The Big Read Blog (Archive)

The Bookworm Club

December 7, 2007
Washington, DC

Recently, a colleague was in my office and we were talking about our exposure to books as children. I mentioned that even though neither of my parents had attended college (my dad went later in life on the GI Bill), books were highly prized and everywhere in my home growing up. She said, "Ah, then your parents were bookworms." Her choice of words reminded me that when I was about six or seven, my parents enrolled me in "The Bookworm Club", a summer reading program at the Camden Public Library in Camden, Maine.

In the early 60s, before its award-winning 1996 underground expansion, the library was relatively small. A beautiful brick building on a hill overlooking perhaps one of the worlds's most photographed harbors. To a pre-electronic age six-year-old, the interior of the Camden Public Library was like something out of a ?book. High ceilings with tall windows that cast long beams of sunlight across hardwood floors, long wooden tables with low lights, high-backed wooden chairs, card catalogues clustered at the center of the main room, and behind the central desk the ever present, ever pleasant librarian, Nellie Hart.

Each Saturday through the summer, we'd go and select a couple of new books. My first selection was Tim Tadpole and the Great Bull Frog. (How is it, I can remember this, and yet I can't tell you what I had for lunch yesterday?) Another favorite was Hercules, the story of a horse-drawn fire engine who felt his days were numbered as the "horseless carriages" came to town. Perhaps this is where my personification of books began. (See blog entry July 20, 2007) As further enhancement to these stories, my brothers helped me capture tadpoles in the pond behind our house and my dad took me to see the Molyneaux, a horse-drawn fire engine on display at the Camden Fire Department.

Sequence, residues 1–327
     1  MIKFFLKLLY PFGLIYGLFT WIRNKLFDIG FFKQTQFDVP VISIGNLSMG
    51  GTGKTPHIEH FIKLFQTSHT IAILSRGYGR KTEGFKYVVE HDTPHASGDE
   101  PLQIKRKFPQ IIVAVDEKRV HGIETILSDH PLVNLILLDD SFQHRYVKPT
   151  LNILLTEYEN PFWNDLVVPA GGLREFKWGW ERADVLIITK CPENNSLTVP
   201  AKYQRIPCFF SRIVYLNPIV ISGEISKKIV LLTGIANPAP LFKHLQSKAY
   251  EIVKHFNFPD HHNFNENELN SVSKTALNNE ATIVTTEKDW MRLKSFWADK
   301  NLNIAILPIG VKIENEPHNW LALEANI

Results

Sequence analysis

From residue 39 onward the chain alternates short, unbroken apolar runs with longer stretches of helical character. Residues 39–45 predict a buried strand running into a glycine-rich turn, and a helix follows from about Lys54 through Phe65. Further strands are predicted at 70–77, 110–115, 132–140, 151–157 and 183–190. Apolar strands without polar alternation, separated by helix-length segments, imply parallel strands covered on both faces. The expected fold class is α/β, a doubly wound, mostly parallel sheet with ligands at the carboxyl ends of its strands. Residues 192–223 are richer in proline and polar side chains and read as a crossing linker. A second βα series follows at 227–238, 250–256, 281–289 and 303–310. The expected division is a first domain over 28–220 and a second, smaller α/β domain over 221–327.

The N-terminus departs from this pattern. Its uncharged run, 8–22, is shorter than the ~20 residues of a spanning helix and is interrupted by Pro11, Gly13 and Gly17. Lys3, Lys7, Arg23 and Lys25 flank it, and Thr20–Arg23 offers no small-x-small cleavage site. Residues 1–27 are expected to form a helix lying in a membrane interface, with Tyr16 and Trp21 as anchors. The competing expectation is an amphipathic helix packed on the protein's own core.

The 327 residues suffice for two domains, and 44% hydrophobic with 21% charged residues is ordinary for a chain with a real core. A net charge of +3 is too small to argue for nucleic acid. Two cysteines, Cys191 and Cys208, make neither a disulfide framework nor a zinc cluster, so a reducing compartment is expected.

A trip to the public library got me: free books, time with my family, stories to read, and subsequent adventures to learn more about what was in the books. I loved The Book Worm Club and all that came with it -- including a wooden, black and orange bookworm pin. And in this, I am not unique. As we saw in the release of the NEA's analysis, To Read or Not to Read: A Question of National Consequence, little kids love to read. They love the new adventures that are opened to them through books. It's like when you graduate from your tricycle (and mine was metal with streamers, not one of those new-fangled Big Wheels. What? Those aren't new? Well, they're fangled.) to a bicycle and you're allowed to ride beyond the driveway. No one has to drive you or walk you holding your hand. You can go places! Books can give anyone the same freedom and thrilling joy of discovery at any age. I was lucky enough to have a whole family holding my hand to get me started so that when they let go, I was able to go places on my own.

I like to think of the Big Read as a giant Bookworm Club. Looking across the country at our hundreds of Big Read communities and the programming that they've put in place to enhance the reading experience of these great novels, I am certain that people of all ages will have similar awe-inspiring moments tied to a good book. Some may even get a pin.